Lewis Hamilton definitely didn’t have it easy during the Azerbaijan Grand Prix weekend. Not only did he struggle with his car all throughout the free practice sessions, but in the race his car was also obviously slower than the cars of his main rivals.
In the end Lewis almost scored a victory, but he had to settle for P15 after he accidentally pushed the ‘brake magic’ mode button, that caused a big lock-up.
Ross Brawn acknowledges the difficulties Lewis faced and thinks he handled them “very well”.
“It was a test of character for Lewis this weekend,” the Briton wrote in his Formula1.com column.
“Generally he was coming through it very well. To have a car that looked so off pace on Friday and get it into a better space on Saturday was a good step.
“It wasn’t the fastest car, but he knew he could do something with it.He was doing a pretty good job and then I don’t know what happened at the restart.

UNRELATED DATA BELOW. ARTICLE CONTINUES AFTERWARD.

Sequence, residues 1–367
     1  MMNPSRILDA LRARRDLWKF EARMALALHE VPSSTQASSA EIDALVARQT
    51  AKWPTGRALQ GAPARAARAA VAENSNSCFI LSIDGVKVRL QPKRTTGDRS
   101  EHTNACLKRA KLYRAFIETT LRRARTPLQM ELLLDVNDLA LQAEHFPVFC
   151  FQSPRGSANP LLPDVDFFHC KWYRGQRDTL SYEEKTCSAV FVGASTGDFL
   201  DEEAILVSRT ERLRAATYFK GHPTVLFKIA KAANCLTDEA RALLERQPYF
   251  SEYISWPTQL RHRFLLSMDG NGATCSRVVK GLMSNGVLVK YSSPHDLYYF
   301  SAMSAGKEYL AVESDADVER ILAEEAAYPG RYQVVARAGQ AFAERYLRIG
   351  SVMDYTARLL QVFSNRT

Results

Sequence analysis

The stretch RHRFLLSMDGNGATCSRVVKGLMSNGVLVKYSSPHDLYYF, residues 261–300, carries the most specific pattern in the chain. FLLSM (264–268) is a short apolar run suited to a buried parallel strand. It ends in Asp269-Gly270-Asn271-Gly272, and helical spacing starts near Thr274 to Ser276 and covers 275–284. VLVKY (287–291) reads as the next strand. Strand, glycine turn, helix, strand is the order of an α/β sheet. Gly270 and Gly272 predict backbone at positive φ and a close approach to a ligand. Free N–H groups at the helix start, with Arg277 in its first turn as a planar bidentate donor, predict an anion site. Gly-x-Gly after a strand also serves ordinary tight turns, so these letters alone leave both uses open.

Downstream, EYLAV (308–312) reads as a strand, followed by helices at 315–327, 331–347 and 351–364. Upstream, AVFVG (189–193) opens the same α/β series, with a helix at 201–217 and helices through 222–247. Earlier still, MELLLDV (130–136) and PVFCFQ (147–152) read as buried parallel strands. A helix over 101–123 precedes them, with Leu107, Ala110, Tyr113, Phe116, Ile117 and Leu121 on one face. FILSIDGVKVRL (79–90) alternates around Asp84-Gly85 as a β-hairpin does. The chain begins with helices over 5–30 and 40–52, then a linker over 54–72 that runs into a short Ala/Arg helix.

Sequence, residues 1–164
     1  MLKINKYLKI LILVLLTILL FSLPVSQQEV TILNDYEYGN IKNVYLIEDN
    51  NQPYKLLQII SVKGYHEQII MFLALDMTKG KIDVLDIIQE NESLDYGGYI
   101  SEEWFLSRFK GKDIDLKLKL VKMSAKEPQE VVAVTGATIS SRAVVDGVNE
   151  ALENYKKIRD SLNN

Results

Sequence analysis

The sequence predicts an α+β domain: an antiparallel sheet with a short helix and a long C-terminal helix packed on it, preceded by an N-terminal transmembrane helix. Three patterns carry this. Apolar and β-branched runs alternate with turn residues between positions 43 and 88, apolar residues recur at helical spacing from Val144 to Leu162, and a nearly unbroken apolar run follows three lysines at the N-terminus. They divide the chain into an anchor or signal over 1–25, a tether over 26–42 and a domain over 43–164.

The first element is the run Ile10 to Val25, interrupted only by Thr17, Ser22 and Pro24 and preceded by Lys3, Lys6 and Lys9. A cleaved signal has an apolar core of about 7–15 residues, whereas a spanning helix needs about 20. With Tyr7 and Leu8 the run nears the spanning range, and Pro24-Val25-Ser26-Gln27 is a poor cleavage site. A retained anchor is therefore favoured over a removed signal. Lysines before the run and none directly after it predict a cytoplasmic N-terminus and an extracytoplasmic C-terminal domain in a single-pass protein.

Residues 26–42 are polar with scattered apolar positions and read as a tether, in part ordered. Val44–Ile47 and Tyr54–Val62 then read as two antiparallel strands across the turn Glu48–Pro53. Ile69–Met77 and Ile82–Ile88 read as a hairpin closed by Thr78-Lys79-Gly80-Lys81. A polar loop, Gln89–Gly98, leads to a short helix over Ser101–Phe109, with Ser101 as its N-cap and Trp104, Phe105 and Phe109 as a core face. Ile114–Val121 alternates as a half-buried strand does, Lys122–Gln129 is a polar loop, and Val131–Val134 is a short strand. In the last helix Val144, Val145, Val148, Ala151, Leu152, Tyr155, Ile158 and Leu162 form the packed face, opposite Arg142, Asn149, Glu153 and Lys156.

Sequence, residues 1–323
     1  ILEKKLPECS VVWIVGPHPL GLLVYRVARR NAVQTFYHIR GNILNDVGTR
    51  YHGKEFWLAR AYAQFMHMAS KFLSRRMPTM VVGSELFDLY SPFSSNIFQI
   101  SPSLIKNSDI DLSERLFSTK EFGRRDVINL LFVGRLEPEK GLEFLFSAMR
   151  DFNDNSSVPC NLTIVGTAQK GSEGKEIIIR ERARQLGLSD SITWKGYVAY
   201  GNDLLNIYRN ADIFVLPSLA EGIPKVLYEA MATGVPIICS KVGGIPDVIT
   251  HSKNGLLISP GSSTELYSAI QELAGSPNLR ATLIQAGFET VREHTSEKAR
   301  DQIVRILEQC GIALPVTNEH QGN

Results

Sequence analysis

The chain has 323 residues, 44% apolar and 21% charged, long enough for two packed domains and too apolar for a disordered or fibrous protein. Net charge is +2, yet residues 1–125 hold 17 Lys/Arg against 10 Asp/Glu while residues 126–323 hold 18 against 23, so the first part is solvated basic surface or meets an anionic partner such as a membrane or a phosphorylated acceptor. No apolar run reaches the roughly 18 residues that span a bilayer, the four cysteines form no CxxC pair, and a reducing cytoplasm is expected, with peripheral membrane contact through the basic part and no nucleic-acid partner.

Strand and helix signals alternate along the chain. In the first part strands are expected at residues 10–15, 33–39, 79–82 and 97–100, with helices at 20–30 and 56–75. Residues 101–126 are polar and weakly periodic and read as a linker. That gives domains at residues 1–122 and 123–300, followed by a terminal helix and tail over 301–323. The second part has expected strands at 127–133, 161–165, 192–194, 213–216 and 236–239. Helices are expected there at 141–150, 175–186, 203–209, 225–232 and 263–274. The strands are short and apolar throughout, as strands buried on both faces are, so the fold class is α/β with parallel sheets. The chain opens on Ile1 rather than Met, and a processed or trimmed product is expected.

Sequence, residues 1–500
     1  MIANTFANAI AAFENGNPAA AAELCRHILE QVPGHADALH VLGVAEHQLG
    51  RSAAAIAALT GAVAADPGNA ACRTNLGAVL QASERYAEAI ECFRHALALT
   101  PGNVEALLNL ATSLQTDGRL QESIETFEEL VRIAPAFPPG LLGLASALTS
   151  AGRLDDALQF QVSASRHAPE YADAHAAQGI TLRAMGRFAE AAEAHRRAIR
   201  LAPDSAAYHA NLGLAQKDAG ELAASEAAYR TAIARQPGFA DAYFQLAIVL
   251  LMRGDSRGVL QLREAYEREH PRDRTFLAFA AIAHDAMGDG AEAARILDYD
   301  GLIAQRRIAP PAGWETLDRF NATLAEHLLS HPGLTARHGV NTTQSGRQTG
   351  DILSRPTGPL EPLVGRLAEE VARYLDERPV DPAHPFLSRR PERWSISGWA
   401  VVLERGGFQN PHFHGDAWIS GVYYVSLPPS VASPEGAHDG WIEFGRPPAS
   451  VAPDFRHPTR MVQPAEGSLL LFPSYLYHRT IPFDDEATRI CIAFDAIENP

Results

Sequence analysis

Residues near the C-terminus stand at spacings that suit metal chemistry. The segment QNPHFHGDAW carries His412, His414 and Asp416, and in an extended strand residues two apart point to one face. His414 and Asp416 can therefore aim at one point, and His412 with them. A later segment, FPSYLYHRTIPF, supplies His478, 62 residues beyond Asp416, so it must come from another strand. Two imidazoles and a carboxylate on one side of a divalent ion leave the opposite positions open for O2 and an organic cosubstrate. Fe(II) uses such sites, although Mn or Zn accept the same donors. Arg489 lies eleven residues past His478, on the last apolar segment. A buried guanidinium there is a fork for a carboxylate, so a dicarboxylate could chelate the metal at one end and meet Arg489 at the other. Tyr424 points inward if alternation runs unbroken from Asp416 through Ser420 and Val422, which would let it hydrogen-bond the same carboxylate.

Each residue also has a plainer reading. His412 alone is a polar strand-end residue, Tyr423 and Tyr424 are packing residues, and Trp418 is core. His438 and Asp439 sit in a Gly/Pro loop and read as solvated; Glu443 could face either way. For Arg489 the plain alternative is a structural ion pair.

“He said it was a switch issue. It was obvious the rear brakes were clearly very hot. It didn’t even look close that he was going to make the corner.
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“But after Max’s accident, it keeps the championships wide open. While Mercedes and Lewis will be unhappy, given Max’s misfortune, it kind of balances out.”
Brawn also acknowledged Mercedes’ obvious struggles in street circuits, but he believes the team could be back to their usual winning ways when Formula 1 returns to regular circuits in two-weeks’ time.
“It was unusual for Mercedes to come to a race with a car so out of shape,” Brawn continued.
“It could be that following their difficulties in Monaco, they decided to take a different path, and that’s what put them so out of shape on Friday.
If I had trouble with tyre temperatures like they did in Monaco, I would have been pushing to try a different direction. So their struggles on Friday could have been a result of that.
It is possible that when we get back to races where they have more confidence and it’s a known platform, Mercedes will be back to their best. They have always struggled a bit at street circuits.
“Those have never been their strength,” concluded the Briton.